“Most of the money is in London,” says Tony Stott, CEO of Midven and investment director at Future Planet Capital. “We’d like people from London to come up to the West Midlands to invest more”.
The region, which has a tech sector valued at £15.3bn, has been creating new funding resources for its startups and SMEs. Last month, the West Midlands Combined Authority and West Midlands Pension Fund set in motion a new £25m SME fund, which will managed by Midven. The fund will invest in green tech, advanced manufacturing and life sciences companies.
Stott believes initiatives like these can help usher funds from beyond London, Oxford and Cambridge and into the Midlands.
“The easier it is for them to invest, the more likely they are to come out of London,” he tells UKTN.
“If they know they [can] come to the West Midlands and they have got someone who could invest alongside them, that means it’s more likely that they’ll get involved in a deal because they’ll feel that they don’t have to put all the cash in themselves and they’ll be somebody on the ground locally.”
West Midlands growth
Birmingham-based Midven was created by local entrepreneurs from Derby, Leicester and Nottingham in 1991 to address the lack of funding in the region. The inaugural fund it managed was provided by HSBC. In April 2021, Midven was acquired by growth equity firm Future Planet Capital.
The venture capital firm is also responsible for looking after the Midlands Engine Investment Fund. While the Midlands has come on in leaps and bounds for tech investment, with tech startups collectively raising more than £850m since 2020, according to Stott there is still more to be done.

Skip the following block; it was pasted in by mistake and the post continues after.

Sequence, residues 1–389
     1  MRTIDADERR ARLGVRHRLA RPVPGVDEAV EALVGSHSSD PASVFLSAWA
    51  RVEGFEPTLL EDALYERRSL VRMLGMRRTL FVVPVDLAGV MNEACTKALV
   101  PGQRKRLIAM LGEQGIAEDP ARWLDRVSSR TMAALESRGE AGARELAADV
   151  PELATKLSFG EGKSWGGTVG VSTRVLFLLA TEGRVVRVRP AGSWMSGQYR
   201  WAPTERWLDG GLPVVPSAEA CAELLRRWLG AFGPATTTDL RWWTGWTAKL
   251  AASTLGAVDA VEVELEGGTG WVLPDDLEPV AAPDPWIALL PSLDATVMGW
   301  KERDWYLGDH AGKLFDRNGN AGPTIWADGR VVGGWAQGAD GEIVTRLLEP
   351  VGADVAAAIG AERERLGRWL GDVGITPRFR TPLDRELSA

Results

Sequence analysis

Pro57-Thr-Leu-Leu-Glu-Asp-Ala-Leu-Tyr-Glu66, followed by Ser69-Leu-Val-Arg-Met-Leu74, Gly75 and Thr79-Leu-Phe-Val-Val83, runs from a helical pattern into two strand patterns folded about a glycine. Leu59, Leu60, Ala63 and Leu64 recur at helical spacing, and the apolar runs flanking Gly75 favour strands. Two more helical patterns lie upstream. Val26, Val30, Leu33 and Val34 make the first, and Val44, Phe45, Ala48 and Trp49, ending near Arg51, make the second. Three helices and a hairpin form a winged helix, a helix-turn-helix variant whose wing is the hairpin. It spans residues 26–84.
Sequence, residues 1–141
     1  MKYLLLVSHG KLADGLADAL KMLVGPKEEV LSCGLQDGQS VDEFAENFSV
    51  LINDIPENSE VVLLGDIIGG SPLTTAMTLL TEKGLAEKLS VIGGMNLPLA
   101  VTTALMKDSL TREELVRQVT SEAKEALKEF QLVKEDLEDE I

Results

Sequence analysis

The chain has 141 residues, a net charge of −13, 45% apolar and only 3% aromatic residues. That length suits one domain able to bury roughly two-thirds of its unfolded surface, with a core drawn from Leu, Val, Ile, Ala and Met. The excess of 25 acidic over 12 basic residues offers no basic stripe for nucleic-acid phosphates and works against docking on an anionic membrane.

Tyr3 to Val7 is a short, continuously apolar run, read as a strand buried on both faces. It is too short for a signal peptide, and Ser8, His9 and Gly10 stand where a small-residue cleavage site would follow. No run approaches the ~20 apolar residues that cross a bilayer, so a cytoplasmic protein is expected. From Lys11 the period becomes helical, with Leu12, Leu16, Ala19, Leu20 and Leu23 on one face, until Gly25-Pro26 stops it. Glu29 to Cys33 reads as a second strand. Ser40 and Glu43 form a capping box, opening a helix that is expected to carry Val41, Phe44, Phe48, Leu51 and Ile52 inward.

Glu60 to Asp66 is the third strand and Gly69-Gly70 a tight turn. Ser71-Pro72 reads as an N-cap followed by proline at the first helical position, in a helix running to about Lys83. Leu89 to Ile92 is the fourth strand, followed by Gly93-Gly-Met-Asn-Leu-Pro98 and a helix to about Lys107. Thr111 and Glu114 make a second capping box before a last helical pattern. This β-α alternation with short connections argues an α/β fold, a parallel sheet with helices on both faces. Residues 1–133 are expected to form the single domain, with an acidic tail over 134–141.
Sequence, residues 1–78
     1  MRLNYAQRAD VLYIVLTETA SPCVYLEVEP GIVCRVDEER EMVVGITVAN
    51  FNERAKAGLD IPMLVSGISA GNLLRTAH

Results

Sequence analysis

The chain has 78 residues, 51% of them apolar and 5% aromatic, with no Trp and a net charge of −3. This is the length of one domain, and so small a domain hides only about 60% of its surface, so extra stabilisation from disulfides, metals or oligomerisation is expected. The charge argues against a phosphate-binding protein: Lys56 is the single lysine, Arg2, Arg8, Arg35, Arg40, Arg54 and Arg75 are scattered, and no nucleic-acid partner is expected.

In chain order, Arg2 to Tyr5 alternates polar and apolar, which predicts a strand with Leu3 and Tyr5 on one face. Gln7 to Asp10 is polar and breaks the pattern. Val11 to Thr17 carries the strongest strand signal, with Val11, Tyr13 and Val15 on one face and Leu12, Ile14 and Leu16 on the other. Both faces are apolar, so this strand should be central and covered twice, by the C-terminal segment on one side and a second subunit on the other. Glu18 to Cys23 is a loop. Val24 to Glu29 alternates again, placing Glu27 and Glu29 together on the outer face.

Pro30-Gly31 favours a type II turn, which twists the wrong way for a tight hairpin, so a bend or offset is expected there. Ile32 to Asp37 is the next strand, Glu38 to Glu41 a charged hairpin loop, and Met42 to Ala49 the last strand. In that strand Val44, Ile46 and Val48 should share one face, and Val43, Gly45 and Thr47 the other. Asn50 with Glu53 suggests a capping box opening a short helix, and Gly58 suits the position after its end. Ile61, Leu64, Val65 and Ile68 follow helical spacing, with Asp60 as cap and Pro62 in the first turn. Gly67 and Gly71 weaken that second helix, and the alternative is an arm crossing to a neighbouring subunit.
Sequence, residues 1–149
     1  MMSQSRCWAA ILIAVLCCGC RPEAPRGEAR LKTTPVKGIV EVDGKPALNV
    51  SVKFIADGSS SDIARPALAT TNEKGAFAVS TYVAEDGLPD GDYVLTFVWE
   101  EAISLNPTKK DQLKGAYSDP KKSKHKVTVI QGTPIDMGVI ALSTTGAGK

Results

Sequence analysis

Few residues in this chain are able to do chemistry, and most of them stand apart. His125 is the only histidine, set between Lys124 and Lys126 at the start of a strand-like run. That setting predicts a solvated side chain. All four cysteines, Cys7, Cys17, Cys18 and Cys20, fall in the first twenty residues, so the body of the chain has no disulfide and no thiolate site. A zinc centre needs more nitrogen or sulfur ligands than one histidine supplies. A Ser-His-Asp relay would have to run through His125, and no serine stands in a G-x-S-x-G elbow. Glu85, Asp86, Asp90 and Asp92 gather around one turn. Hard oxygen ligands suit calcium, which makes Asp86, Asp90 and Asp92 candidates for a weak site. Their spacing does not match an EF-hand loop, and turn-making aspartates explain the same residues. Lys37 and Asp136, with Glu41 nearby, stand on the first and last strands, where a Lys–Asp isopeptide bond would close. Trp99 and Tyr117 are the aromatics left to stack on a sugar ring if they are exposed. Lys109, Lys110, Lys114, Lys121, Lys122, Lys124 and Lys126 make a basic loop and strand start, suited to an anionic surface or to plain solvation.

“Manchester is a bit more coherent as an investment and finance centre because it’s more remote from London, whereas Birmingham and Coventry tend to be a little bit more forgotten about,” says Stott.
“There’s a hell of a lot of commercial space going up, incubator units are being built at a rapid rate.”
Areas to be watched in the West Midlands according to Stott are green technologies, such as recycling batteries and better engines for electric motors.
The strengths of the region include Lemington Spa’s game industry, which is home to the likes of Forza maker Playground Games and Assassin’s Creed developer Ubisoft, as well as its strong automotive presence.
Companies in the West Midlands can also draw on talent from a young population that have access to multiple universities, including the University of Birmingham and Aston University.
Health tech focus
An area Stott is passionate about is health tech, particularly companies that are addressing the challenges such as social care that come with an ageing population.
“Most people don’t want to be in hospital and would much rather be at home,” he says.
One of Midven’s portfolio is the software company Infinity CCS, which assist ambulance medical professional in how best to treat a patient, and then decide the best hospital to send a patient to. It is currently working with the New York ambulance service.
“People cost a lot more money when they stay in a hospital than when they’ve been looked after at home.”
VC funding drop
The VC market has plummeted from the pandemic highs, which were fuelled by low-interest rates. In the first three months of 2023, UK VC investment levels fell to pre-pandemic levels for the first time.
How is this affecting Stott and Midven’s investment approach?
“We have seen the valuations are going down slightly because there’s less money about but it doesn’t affect our appetite to invest,” says Stott. “We’re sort of keen to invest but there is less money generally sloshing about the system.
“The smaller deals which we tend to get involved with will probably carry on pretty much the same as they always have done.”
“So the economic climate now doesn’t really affect us because we’re thinking what matters is the economic climate in three, five or seven years’ time, not the economic climate today.”
Beyond the Capital, an interview series with tech investors and venture capitalists based outside of London, is published monthly. Last month UKTN spoke with Cardiff-based investor Waterspring Ventures.